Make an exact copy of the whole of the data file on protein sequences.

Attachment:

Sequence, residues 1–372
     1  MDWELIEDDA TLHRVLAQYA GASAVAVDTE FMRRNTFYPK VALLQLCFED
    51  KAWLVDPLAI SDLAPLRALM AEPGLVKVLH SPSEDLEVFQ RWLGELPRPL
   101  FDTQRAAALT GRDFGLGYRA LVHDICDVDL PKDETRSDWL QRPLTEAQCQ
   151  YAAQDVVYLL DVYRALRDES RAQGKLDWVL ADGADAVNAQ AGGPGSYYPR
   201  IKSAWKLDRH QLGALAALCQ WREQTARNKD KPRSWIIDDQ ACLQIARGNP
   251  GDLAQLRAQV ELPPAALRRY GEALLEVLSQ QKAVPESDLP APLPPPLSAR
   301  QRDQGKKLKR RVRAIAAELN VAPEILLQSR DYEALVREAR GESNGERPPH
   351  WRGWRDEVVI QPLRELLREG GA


Sequence, residues 1–372
     1  MDWELIEDDA TLHRVLAQYA GASAVAVDTE FMRRNTFYPK VALLQLCFED
    51  KAWLVDPLAI SDLAPLRALM AEPGLVKVLH SPSEDLEVFQ RWLGELPRPL
   101  FDTQRAAALT GRDFGLGYRA LVHDICDVDL PKDETRSDWL QRPLTEAQCQ
   151  YAAQDVVYLL DVYRALRDES RAQGKLDWVL ADGADAVNAQ AGGPGSYYPR
   201  IKSAWKLDRH QLGALAALCQ WREQTARNKD KPRSWIIDDQ ACLQIARGNP
   251  GDLAQLRAQV ELPPAALRRY GEALLEVLSQ QKAVPESDLP APLPPPLSAR
   301  QRDQGKKLKR RVRAIAAELN VAPEILLQSR DYEALVREAR GESNGERPPH
   351  WRGWRDEVVI QPLRELLREG GA